Generalized pustular psoriasis is associated with mutated interleukin-36-receptor antagonist (interleukin-36Ra) structure and unregulated production of inflammatory cytokines, according to a study published in the Aug. 18 issue of the New England Journal of Medicine.
Slaheddine Marrakchi, M.D., Ph.D., from the Sfax University in Tunisia, and colleagues conducted homozygosity mapping and direct sequencing in members of nine Tunisian multiplex families with autosomal recessive generalized pustular psoriasis to investigate the impact of mutations on protein expression and conformation, stability, and function.
The investigators found that the occurrence of the disease was significantly linked to an interval of 1.2 megabases on chromosome 2q13-q14.1, and a homozygous missense mutation in IL36RN that resulted in the substitution of proline for leucine at amino acid position 27 (L27P) of the interleukin-36Ra protein. The stability of the interleukin-36Ra protein and its affinity for the interleukin-1 receptor-like 2 receptor were both affected by the L27P mutation. Compared to the nonvariant interleukin-36Ra, L27P variant showed poor expression and less potency in inhibiting a cytokine-induced response in an interleukin-8 reporter assay, subsequently enhancing inflammatory production by keratinocytes.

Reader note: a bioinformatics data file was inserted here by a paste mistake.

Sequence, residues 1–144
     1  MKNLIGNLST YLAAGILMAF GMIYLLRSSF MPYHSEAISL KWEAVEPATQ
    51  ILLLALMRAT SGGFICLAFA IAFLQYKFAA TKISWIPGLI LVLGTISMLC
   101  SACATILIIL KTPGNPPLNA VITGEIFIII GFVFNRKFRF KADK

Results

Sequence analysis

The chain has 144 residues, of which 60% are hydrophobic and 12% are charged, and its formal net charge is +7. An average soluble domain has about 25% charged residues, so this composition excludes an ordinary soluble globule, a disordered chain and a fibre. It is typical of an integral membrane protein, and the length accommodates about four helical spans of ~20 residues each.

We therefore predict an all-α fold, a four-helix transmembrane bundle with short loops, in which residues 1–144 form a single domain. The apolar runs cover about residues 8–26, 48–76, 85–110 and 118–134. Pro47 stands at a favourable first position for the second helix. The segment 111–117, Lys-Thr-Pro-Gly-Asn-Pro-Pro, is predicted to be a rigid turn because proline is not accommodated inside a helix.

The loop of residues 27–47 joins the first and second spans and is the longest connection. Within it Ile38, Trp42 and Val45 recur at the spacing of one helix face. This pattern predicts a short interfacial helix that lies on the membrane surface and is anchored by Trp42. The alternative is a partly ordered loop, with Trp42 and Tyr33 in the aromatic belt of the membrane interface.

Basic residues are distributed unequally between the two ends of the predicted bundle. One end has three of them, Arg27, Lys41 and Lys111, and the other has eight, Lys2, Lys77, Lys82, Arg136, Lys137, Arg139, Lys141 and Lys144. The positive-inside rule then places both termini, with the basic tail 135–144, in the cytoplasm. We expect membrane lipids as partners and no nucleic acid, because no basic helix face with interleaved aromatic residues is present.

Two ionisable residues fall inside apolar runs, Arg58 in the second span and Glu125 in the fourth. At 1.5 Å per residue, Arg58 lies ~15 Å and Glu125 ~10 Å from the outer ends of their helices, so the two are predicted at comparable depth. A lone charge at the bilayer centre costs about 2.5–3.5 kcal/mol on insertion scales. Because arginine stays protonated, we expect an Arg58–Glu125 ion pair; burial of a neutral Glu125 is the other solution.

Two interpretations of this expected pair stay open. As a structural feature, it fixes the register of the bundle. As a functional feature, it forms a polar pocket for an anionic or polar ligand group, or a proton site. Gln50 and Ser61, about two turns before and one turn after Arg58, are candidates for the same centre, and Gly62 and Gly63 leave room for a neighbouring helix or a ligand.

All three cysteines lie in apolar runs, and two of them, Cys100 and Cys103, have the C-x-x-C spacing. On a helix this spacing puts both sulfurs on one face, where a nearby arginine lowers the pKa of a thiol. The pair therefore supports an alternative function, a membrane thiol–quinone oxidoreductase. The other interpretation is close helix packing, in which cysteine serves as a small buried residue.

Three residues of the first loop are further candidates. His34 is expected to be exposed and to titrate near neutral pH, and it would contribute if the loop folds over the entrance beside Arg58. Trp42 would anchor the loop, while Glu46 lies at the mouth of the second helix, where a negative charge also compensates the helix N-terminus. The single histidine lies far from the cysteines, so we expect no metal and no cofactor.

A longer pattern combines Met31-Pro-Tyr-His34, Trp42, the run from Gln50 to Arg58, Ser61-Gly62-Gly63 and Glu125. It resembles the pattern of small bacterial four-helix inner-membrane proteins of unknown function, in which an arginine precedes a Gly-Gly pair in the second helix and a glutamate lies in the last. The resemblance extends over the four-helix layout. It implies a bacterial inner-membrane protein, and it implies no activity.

"Aberrant interleukin-36Ra structure and function lead to unregulated secretion of inflammatory cytokines and generalized pustular psoriasis," the authors write.
Several authors disclosed financial relationships with various pharmaceutical companies.
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